Police lack plan for stopping gangs

Second SAPS appearance before Parliament in two weeks not much more successful than first

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Photo of police car
Photo: Sune Payne

The South African Police Service’s (SAPS) second attempt to present a strategy to the Portfolio Committee on Police on how police aim to tackle the scourge of gangsterism was little more successful than the first.

The first presentation two weeks ago on its anti-gangsterism strategy was halted even before it got started. SAPS agreed it was not ready to present, due to a “breakdown in communications” with the Committee, and was sent on its way.

On 23 August, on its second attempt, SAPS only had a bit more to say. There were a few facts, some figures, but nothing that approximated a strategy to stop the serious problem of gangs.

The hearing was billed as a briefing to the Committee on the Anti-Gang Strategy and was meant to cover three provinces, the Eastern Cape, Western Cape and KwaZulu-Natal.

However, Committee discussion focused on the Western Cape because that is where the gang phenomenon is said to be out of control. MPs heard that in the Western Cape SAPS had made 3,892 gang-related arrests between April 2016 and July 2017. The number of people arrested for drug possession and abuse stood at 5,434 in the province for the same period. No figures were provided for how many of these arrests had resulted in successful convictions.

SAPS did have a figure for convictions for gang-related crime in Bishop Lavis on the Cape Flats. Two. It reported that between April 2016 and July 2017 two arrests had been made. The suspects were charged with murder and both had received life sentences. Bishop Lavis has seen a surge in gang-related crime.

In Mitchells Plain, another area in the province known for high gang activity, five people were arrested and found guilty of murder charges during this period. They face a total of 118 years in jail.

SAPS is hoping to use police stations in the Western Cape to prioritise gang-related crime by introducing improved intelligence gathering. The aim is to develop a database of identified active gangs and gang leaders and focus on “daily hotspots”.

According to SAPS, it has identified 73 gangs operating in the Western Cape alone, stating that it “will monitor the gang leaders that are known.”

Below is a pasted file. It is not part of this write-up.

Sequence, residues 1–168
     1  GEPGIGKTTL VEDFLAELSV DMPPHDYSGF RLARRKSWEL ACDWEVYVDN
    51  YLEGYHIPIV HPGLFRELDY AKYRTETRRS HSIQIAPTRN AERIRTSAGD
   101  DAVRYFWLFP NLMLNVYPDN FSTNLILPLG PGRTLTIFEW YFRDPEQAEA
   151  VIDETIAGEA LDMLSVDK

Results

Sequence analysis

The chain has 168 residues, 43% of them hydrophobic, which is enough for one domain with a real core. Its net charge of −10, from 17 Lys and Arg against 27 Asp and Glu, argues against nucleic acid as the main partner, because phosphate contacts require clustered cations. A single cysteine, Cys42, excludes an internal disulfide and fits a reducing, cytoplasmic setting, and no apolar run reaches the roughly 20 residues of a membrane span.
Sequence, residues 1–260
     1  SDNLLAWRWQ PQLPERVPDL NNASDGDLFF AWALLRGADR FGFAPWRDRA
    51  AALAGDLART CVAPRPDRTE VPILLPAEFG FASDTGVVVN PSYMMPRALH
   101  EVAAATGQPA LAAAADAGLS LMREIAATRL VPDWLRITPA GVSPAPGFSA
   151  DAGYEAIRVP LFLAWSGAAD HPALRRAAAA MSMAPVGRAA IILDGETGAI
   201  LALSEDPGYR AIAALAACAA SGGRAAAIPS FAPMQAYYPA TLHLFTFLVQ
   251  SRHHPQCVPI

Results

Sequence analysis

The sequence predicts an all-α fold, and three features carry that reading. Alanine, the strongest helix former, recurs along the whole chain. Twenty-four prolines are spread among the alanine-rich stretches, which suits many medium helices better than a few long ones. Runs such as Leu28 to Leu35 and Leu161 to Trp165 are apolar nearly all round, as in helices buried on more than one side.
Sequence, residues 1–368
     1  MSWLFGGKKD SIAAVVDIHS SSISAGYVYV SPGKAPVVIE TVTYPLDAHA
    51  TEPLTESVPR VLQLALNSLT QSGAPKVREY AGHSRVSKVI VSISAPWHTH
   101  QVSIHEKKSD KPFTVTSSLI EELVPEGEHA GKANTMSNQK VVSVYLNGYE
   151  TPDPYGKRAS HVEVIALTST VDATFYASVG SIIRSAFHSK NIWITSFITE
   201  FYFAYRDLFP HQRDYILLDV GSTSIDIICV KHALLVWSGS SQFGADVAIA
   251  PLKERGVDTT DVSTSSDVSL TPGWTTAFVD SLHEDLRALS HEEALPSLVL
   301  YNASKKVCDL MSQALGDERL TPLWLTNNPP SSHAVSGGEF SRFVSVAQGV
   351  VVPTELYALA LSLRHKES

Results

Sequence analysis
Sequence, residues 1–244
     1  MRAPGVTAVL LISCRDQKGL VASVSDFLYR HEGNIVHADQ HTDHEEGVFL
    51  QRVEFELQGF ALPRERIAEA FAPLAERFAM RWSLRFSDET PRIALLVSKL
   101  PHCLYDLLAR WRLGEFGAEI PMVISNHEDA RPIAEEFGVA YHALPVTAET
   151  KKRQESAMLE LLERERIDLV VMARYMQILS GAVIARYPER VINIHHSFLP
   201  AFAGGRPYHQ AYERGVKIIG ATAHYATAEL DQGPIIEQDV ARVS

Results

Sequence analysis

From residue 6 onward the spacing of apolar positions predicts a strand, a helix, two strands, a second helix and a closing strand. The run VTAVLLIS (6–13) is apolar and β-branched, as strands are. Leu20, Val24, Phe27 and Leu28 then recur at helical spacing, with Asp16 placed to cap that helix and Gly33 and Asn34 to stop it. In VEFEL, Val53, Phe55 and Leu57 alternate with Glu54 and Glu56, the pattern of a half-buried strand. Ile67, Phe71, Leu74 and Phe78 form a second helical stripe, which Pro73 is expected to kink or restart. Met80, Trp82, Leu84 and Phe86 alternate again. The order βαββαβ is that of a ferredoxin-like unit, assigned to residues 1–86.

Chairperson of the Police Committee Francois Beukman (ANC) told SAPS: “We need to deal with this gang issue. It’s affecting thousands of lives. Schools are being affected too.”

The role of socio-economic conditions became the focus of discussion, with MP Ahmed Shaik Emam (NFP) telling the Committee it was a lack of understanding of the socioeconomic conditions by police that allowed crime and gangsterism to thrive, especially in the Western Cape. He said he had observed that in poorer communities crime levels spiked when people had money, for example after payday at the end of the month.

Speaking to GroundUp, Beukman said “of course socio-economics plays a role [in crime].” He questioned why Parliament had not been briefed on how many gang-related convictions there had been in Hanover Park and Manenberg, poorer areas of Cape Town with serious gang problems. There are reports of learners in these areas not being able to attend school for fear of being caught in the crossfire of gang warfare.

Deputy National Commissioner Lieutenant General Fannie Masemola told MPs at the Committee hearing that “the phenomenon of gangsterism in the Western Cape, Eastern Cape and KwaZulu-Natal is a major cause for concern.”

The briefing follows the call for implementation of a National Anti-Gangsterism Strategy made by Cabinet in 2017.

At the time Minister in the Presidency Jeff Radebe said the Anti-Gangsterism Strategy was aligned to the National Development Plan to ensure that all South Africans felt safe and could live in their communities free from fear.

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TOPICS:  Policing

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